While the blasphemy law has rarely been used, activists like Verkhovsky say it remains a potent symbol for Russia’s religious conservatives. 

Pushback against Article 148 

In March 2019, it was announced that a draft of the Law on Culture to be debated in the State Duma would exempt “works of culture … from the articles of the Criminal Code concerning offense to the feelings of religious believers,” a change that had long been demanded by prominent figures in the Russian art world.

In short, Article 148 would apply only to the public actions of private citizens. The full freedom to criticize and even ridicule religion would be restored to film, theatre, literature and museums, effectively defanging the blasphemy law.

Though an outcry from the Orthodox hierarchy saw presidential advisor on culture Vladimir Tolstoy quickly and publicly deny that any decision to amend the legislation had been made, it was clear that Article 148 was still politically contentious. Soon afterwards, the draft law was quietly dropped, and Article 148 left in place.

“The law itself is simply too vague”, says Konstantin Dobrynin, a former Russian senator and lawyer who now lives in London. “No one has any idea what “offending feelings” means in a legal sense. Theoretically, it could cover almost anything.”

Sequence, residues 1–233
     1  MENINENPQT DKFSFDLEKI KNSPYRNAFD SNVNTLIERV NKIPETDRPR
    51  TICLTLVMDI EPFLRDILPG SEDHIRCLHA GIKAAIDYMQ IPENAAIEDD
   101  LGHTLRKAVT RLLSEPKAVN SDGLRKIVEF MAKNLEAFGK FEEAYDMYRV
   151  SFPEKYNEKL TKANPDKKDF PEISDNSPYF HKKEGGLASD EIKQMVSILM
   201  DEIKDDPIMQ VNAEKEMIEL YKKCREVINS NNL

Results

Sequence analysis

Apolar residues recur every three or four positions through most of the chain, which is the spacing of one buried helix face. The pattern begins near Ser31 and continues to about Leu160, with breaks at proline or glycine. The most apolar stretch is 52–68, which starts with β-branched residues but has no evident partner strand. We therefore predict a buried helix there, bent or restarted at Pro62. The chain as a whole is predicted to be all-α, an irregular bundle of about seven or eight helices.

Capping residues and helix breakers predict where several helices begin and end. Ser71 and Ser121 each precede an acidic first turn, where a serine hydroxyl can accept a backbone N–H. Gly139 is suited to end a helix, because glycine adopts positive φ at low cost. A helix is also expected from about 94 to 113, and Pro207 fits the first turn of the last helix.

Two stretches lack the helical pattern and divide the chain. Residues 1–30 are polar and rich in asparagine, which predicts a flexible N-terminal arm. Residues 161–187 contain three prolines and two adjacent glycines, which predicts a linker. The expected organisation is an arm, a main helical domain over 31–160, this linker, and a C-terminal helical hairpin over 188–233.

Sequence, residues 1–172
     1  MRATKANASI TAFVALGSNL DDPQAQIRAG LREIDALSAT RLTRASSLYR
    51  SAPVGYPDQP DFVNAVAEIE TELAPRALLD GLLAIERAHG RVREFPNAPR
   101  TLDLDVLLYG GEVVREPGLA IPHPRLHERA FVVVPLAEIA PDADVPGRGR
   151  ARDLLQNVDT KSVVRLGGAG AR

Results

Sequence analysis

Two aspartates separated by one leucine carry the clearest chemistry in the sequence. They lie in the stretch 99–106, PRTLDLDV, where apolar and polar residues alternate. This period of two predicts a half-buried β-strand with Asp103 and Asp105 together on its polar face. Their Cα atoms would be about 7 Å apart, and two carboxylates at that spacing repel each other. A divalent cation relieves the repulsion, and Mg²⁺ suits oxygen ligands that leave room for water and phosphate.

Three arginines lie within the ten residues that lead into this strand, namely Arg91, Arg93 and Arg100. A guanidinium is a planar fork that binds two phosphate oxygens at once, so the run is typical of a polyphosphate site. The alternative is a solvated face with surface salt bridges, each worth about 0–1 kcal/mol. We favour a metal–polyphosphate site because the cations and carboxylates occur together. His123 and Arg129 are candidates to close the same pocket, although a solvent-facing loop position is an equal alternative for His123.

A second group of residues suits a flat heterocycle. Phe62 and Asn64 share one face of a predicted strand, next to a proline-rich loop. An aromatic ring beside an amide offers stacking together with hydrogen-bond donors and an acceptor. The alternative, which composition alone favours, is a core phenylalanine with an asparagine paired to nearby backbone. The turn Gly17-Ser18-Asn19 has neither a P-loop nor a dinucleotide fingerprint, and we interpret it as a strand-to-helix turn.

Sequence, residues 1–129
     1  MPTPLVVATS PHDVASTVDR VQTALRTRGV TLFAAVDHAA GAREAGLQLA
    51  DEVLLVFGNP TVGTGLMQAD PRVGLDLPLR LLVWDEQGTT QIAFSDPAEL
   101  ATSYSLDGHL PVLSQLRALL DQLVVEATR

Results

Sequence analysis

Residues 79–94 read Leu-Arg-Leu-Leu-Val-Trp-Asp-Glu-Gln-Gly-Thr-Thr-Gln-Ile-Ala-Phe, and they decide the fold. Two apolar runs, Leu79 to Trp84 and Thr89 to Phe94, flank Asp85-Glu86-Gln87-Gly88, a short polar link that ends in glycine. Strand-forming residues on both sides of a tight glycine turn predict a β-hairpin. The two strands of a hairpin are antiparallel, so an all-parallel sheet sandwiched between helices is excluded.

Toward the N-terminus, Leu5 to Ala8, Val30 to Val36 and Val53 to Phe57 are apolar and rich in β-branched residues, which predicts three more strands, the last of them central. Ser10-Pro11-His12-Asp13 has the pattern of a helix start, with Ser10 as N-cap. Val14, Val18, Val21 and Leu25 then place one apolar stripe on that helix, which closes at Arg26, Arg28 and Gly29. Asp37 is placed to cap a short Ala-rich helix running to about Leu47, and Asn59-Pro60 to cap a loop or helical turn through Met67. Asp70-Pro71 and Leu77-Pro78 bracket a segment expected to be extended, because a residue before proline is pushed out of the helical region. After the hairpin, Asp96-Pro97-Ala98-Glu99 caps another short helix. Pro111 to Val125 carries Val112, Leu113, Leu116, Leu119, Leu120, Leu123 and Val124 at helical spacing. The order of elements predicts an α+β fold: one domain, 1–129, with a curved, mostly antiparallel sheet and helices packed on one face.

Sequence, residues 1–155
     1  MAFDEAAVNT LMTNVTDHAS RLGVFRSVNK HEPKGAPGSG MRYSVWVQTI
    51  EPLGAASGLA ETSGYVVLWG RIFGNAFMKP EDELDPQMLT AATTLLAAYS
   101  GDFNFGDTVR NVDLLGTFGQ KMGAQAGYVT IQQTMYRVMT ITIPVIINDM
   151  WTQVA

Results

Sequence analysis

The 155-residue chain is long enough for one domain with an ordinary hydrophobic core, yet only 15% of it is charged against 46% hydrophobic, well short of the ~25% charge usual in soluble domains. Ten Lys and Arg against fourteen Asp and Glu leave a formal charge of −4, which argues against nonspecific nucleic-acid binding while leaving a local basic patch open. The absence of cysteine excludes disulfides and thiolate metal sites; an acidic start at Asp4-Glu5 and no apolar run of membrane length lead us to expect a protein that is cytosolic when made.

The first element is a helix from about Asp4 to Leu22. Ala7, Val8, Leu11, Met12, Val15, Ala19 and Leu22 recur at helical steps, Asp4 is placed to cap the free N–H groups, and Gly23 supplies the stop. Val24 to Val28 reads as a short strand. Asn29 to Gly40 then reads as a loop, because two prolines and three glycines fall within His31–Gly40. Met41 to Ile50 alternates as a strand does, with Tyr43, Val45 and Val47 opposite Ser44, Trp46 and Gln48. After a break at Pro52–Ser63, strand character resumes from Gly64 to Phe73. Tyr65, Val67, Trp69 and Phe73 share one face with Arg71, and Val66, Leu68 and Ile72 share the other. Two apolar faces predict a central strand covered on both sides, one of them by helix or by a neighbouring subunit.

Accordingly, the state has largely declined to enforce the legislation. 

Since its introduction in 2013, there have been only 19 prosecutions under the law, most of which were prompted by social media comments, memes or videos posted online by private citizens. Of these, only 12 have ended in a conviction, two of which have been overturned. In the Russian legal system, where over 99% of cases end in a successful prosecution, this is an exceptionally low conviction rate.

The law’s application also appears to be in decline, with 10 cases in 2017, eight in 2018 and just one in 2019. 

“No one is really sure what sort of evidence you need to prove that religious feelings have been offended, so police and prosecutors tend to avoid opening cases. They don’t want to create problems for themselves,” said Verkhovsky.

However, the state’s unwillingness to prosecute people under Article 148 has had effects of its own. In the absence of a coordinated, central policy, the law’s enforcement has become more and more unpredictable, with investigations largely dependent on private citizens making legal complaints to the authorities. 

The case of Ruslan Sokolovsky, a YouTuber investigated for uploading a video of himself playing Pokemon Go inside a cathedral in the city of Yekaterinburg in 2016, is another example.

In the footage, which contained strong language mocking Christianity, Sokolovsky likened Jesus Christ to a Pokemon character and said he had decided to play the game inside the church after seeing a media report that said that people who did so could be fined or jailed. The video attracted more than 1.9 million views.